Virtunate, on 10 November 2012 - 02:24, said:
With the new licensing model in Server 2012, Standard is the new Enterprise. What features are you looking for that you need from Enterprise?
If you're looking for a full comparison, check out this Wikipedia page for a full list of features (http://en.wikipedia....r_2012#Editions
That's pretty square-on - Datacenter Server replaces both Enterprise Server and (understandably) HPC Server, while Standard replaces everything else (and, based on what it includes, *should* have replaced Windows Home Server, as Standard includes the useful-from-the-get-go Hyper-V support that Server Essentials lacks).
The pain in the rear with Standard is that if you use it as a Home Server replacement, you're going to wind up with a multirole server, as it pretty much forces you into the domain model for a standalone server; once you go down THAT road, you might as well make it a *server of servers* (multiple virtual servers hosted via Hyper-V). With multiple VMs (even if just servers), the CPU won't be the bog-down point (unless you're running multiple virtual SQL Server databases) as Hyper-V is surprisingly thrifty when it comes to CPU cycles, but memory may be; good thing DDR3 (standard unbuffered) is silly-cheap.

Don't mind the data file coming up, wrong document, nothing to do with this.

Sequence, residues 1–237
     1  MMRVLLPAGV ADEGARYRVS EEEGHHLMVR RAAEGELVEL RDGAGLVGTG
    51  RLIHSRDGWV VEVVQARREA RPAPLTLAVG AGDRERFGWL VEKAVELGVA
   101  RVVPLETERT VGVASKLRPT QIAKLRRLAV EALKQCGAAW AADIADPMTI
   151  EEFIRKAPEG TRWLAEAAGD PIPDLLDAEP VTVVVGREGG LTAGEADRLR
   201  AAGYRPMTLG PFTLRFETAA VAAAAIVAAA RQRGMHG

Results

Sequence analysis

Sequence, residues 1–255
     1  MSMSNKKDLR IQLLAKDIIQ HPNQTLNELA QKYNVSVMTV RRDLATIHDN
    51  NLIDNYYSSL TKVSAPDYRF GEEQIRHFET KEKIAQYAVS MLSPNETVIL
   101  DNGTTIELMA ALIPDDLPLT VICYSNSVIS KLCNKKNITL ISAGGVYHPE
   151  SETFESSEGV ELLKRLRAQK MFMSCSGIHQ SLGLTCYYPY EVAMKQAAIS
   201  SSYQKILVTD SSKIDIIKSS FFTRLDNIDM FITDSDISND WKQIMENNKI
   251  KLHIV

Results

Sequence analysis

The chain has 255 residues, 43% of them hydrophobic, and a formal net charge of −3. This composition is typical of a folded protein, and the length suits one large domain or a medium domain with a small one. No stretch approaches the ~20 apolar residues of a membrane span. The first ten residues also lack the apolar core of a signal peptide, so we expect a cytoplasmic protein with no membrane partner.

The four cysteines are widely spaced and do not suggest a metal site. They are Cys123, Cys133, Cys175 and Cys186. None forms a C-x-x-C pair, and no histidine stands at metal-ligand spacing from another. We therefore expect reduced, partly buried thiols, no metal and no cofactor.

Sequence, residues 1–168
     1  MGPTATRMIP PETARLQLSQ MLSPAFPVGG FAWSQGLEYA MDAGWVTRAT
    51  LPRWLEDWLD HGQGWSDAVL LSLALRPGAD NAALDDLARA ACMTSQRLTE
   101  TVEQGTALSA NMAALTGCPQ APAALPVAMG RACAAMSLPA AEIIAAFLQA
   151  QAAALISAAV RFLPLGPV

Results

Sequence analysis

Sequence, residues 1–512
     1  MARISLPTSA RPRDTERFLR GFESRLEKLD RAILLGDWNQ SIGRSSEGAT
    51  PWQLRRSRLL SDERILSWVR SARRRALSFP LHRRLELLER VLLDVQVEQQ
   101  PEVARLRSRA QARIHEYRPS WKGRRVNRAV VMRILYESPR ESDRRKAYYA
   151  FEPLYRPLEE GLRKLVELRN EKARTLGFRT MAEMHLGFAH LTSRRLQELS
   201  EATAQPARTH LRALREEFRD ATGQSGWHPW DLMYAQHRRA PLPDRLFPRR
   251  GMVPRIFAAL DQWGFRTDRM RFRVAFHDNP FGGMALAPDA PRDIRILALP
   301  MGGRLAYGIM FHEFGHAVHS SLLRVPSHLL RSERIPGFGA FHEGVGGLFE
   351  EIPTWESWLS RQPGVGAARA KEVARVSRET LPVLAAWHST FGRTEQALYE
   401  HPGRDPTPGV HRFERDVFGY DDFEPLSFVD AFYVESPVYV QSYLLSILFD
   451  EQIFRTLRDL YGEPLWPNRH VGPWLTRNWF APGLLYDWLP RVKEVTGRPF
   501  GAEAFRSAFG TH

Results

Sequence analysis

For the server build itself, for a home or other non-production server (including a test lab), my motherboard recommendation is, weirdly enough, identical to that for a gaming PC - i5 and a Z-series chipset (LGA1155). However, because this *is* a server, it need not be either a K-series (unlocked) or even Ivy Bridge CPU - a Sandy Bridge i5 is just fine. For the GPU side of the server, AMD's HD7750 makes all too much sense (no aux power needed *and* it can be leveraged by RemoteFX, which further de-leverages the CPU)